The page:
Trademarks Comparison Should be Based on the Global Assessment

Author: Erikas SaukalasAssociate Partner, Attorney-at-Law, Head of the International Relations Division at METIDA

Despite a large number of arguments why their trademark is eligible for registration, a German company providing camping and accommodation services failed to register their new trademark. In this legal case a long known rule was repeatedly applied, according to which, trademarks comparison should be based on the global assessment taking into account all relevant factors. Therefore, even when the trademark distinguishes itself in terms of colour and visual elements, it can still be recognized as confusingly similar if it verbally resembles earlier marks.

Ferienhauser zum See filed an application to register a mark “Sun Park Holidays Die wohl kinderfreundlichste Art Campingurlaub zu machen” (Eng. “Probably  the most child-friendly way to have a camping holiday!”) as a Community trademark (CTM) for transportation, packaging, storage of goods and arrangement services in class 39, as well as for supply of food, drink and temporary accommodation  services in class 43.

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However, in response to this application, a company Sunparks Groep NV providing accommodation services opposed the application on the basis of their own earlier CTM “Sunparks Holiday Parks” registered for transportation, packaging, storage of goods and travel arrangement services in class 39, for education, training, entertainment, sporting and cultural activities services in class 41 and for supply of food, drink and temporary accommodation services in class 43.

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The Office for Harmonization in the Internal Market (OHIM) upheld the opposition. Following this decision Ferienhauser zum See appealed against it. However, the Board of Appeal supported OHIM’s decision and pointed out that the slogan “Die wohl kinderfreundlichste Art Campingurlaub zu machen!” included in the disputed trademark is written in a smaller font, its nature is descriptive and thereby, the customers might not notice it. Therefore, the dominant element of the opposed mark is considered to be the words ‘Sun’, ‘Park’ and ‘Holidays’ due to which the disputed mark is similar to the earlier trademark subject to figurative and phonetic elements and thus may cause the likelihood of confusion.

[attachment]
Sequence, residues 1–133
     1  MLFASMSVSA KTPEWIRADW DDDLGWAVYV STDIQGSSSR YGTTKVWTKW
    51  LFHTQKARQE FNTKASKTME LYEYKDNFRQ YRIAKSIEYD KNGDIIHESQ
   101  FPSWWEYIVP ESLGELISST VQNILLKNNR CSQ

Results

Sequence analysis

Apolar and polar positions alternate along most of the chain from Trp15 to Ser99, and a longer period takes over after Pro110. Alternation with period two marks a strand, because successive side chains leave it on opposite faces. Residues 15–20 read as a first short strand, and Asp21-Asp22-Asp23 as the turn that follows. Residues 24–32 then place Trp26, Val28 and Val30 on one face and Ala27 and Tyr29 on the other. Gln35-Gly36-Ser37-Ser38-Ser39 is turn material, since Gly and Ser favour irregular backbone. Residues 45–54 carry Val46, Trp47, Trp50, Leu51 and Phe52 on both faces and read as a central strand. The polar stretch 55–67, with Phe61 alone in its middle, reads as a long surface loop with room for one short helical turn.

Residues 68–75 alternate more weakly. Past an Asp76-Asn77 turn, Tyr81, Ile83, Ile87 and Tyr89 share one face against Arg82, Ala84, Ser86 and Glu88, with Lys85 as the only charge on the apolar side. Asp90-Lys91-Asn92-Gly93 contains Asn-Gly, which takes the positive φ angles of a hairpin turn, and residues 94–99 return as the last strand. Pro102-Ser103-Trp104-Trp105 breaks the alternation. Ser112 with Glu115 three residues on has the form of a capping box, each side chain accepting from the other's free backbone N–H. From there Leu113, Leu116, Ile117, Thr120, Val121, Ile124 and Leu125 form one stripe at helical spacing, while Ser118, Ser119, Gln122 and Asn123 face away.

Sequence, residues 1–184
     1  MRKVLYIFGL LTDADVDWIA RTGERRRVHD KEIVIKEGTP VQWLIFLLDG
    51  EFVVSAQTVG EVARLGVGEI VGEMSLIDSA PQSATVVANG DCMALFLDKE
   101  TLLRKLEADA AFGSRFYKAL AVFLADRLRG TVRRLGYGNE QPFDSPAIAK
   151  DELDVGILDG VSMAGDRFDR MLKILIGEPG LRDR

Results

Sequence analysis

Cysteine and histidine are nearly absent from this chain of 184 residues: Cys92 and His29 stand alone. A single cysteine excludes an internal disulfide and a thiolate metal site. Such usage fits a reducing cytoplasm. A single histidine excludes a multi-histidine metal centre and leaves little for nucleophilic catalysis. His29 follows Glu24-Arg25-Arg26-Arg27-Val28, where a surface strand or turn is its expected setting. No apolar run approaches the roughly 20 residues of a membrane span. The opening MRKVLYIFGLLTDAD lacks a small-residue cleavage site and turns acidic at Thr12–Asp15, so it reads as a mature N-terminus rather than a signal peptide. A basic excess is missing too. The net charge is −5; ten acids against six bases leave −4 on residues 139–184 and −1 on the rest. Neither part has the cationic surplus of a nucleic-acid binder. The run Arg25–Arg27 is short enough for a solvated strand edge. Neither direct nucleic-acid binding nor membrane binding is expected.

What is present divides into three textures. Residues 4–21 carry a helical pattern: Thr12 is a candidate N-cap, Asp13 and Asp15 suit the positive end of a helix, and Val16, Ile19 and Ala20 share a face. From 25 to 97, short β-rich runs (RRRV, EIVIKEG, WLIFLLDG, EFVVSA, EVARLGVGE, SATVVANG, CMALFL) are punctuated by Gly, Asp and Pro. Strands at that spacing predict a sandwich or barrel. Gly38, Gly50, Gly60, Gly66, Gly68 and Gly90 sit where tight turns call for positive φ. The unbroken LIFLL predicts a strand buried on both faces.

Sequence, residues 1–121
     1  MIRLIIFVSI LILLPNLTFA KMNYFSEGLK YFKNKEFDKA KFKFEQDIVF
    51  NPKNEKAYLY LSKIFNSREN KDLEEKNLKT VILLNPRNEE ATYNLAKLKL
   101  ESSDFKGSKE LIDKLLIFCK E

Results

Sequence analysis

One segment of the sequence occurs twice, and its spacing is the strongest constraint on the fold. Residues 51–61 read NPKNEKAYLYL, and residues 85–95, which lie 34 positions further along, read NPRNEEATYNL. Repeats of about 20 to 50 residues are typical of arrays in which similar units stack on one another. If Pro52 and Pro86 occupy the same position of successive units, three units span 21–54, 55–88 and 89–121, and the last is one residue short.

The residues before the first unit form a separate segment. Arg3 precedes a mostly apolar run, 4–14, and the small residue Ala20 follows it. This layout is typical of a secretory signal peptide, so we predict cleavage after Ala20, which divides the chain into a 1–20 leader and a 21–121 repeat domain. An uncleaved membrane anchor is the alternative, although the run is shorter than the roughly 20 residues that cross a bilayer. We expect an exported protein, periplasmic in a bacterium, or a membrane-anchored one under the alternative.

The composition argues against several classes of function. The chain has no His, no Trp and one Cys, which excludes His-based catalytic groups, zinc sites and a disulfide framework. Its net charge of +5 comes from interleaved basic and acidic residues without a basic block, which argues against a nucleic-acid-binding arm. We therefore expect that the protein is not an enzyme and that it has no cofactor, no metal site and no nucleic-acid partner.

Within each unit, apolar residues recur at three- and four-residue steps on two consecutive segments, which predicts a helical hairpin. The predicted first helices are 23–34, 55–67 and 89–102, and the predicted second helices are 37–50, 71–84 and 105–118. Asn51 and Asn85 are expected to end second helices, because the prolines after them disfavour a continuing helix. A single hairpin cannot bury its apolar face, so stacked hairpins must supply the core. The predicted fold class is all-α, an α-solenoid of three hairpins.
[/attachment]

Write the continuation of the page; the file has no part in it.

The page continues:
Disagreeing with this decision, Ferienhauser zum See filed an appeal to the General Court arguing that the element ‘Sunparks’ in the earlier trademark and the words ‘Sun’, ‘Park’ and ‘Holidays’ in the opposed mark are descriptive in terms of registered services, hence, the comparison of marks must be based only on marks’ colours and images which are sufficiently distinct in both marks.

While assessing the appeal, the General Court took into account that the comparison of trademarks should be based on the global assessment, therefore the trademarks must be compared in light of all the factors. In other words, both the similarity between the marks and the similarity between the services they cover should be examined. However, the Court does not exclude that in some cases one or several of mark’s components may be dominant.

With regard to the relevant public, the General Court did not agree with the position of Ferienhauser zum See that the relevant public is limited to Germany’s inhabitants, who, according to Ferienhauser zum See, are very observant in preparation for a holiday. The Court stated that, in view of the fact that the trademark of Ferienhauser zum See is a CTM, all Community residents must be considered as the relevant public.

Hence, The General Court rejected Ferienhauser zum See’s argument that the previous mark is composed only of descriptive words devoid of any distinctive character. The Court indicated that the registration itself is already an evidence for a distinctive character.  The Court also dismissed Ferienhauser zum See’s argumentation that the previous mark was registered by mistake, as the Court was assessing the confusing similarity of marks rather than the legitimacy of the registration.

The General Court emphasised that the slogan in Ferienhauser zum See’s mark written in smaller letters is descriptive in nature, therefore, “Sun Park Holidays” and “Sunparks Holiday Parks” were compared being treated as the main elements. According to the Court, the visual elements and colours of the marks play a secondary role in the assessment of the similarity between these marks, and thus the greater emphasis must be given to verbal elements.

After the comparison of the marks, the General Court held that the marks are visually and semantically similar and that there is a moderate degree of phonetic similarity. The Court also pointed out that even if the earlier mark was weakly distinctive, there could  still be a likelihood of confusion caused by the registration of the new marks. Therefore, the General Court dismissed the appeal made by Ferienhauser zum See.

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